uttered at the time. Yet he believes that, upon an accurate examination, such discrepancies will be found but few, and of no importance. The Institution has had its day, but it set in glory, and had the satisfaction of reaping its own reward. Its proprietary shares, like those of every other literary institution in this metropolis, were soon found to have been fixed at too low a price. And, a difficulty having been experienced in obtaining the consent of every proprietor to an adequate additional subscription, it was wisely resolved, almost from the first, to make a yearly encroachment upon the capital, and to maintain the Institution at its zenith of vigour and activity till the whole of such capital should be expended, rather than to let it live through a feeble and inefficient existence, though for a longer period of time, by limiting it to the narrow scale of its annual income alone. To the crowded and persevering audience by which, from year to year, the author had the gratification of being surrounded, many of whom are yet within the circle of his acquaintance and friendship, he still looks back with gratitude; and can never forget the ardour and punctuality of their attendance. It is a lively recollection, indeed, of the manner in which his labours were received, when delivered, that chiefly induces him to hope for a favourable reception of them in their present form. The progress of time, and the mental activity with which it has been followed up, have strikingly confirmed various hints and opinions which he ventured to suggest as he proceeded, and have introduced a few novelties into one or two branches of science since the period referred to; but the interval which has hereby occurred has enabled the author to keep pace with the general march of the day, and to pay due attention to such doctrines or discoveries in their respective positions of time and place.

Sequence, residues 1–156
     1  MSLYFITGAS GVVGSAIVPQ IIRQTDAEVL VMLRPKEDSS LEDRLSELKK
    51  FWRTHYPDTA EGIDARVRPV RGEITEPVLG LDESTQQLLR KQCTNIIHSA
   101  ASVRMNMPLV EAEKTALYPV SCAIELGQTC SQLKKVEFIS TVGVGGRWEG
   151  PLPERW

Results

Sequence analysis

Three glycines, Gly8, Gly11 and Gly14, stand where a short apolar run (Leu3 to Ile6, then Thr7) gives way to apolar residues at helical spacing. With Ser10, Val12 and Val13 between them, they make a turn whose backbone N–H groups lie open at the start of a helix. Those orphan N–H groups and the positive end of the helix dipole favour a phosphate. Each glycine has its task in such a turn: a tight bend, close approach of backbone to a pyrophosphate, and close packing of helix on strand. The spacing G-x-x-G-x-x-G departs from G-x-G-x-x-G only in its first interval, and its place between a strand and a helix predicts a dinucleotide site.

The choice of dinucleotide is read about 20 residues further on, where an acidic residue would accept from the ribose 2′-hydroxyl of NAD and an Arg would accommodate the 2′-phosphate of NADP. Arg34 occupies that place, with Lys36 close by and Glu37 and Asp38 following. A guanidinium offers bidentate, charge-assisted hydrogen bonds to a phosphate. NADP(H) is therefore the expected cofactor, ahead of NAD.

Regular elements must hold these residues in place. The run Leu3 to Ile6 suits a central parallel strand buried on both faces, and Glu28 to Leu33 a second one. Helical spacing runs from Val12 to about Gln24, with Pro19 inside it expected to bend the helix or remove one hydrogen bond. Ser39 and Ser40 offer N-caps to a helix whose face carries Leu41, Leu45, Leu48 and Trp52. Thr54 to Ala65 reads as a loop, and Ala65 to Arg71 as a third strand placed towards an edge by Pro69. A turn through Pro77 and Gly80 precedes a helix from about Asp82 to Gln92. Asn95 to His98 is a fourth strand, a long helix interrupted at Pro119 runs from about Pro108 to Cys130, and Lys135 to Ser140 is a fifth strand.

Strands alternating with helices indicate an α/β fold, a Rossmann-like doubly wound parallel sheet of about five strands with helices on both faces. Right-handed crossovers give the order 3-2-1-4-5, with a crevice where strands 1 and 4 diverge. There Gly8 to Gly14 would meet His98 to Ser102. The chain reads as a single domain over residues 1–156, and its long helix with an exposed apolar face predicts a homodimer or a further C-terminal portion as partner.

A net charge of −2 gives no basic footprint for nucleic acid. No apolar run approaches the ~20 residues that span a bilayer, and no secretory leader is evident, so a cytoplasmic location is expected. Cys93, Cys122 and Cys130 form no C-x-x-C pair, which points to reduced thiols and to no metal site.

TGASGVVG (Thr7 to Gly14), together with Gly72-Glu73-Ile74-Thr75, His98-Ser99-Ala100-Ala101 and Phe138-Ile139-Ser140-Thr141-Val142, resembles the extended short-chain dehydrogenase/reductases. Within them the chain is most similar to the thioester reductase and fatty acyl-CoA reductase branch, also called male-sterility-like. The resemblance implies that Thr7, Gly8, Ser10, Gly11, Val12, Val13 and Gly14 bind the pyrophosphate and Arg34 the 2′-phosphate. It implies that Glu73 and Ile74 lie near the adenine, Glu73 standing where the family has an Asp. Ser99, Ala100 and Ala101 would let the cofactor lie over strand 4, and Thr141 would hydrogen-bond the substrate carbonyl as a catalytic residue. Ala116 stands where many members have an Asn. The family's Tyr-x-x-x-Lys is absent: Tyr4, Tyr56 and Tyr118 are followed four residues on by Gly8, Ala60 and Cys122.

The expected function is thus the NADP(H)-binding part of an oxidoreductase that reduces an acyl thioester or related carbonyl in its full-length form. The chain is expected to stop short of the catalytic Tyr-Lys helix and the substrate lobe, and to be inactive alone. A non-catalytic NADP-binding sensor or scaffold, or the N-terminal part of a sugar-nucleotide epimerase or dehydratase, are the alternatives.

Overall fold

TABLE OP CONTENTS.
MATURE OF THE MATERIAL WORLD; AND THE SCALE OF UNORGANIZED AND ORGANIZED
I. On Matter, and the Material World 25 II. On the Elementary and Constituent Principles of Things ... 34 III. The Subject continued 42 IV. On the Properties of Matter, essential and peculiar 50 V. The Subject continued 57
VII. The Subject continued 73 VIII. On Organized Bodies, and the Structure of Plants compared with that of Animals 81 IX. On the general Analogy of Animal and Vegetable Life .... 93 X. On the Principle of Life, Irritability, and Muscular Power . . . 102
the Continuance of Life through long Periods of Fasting . . 125 XIII. On the Circulation of the Blood, Respiration, and Animalization . 138 XIV. On the Processes of Assimilation and Nutrition, and the interest-
ing Effects to which they lead 151 XV. On the External Senses of Animals 15ft
NATURE OF THE ANIMATE WORLD J ITS PECULIAR POWERS, AND EXTERNAL RELATIONS;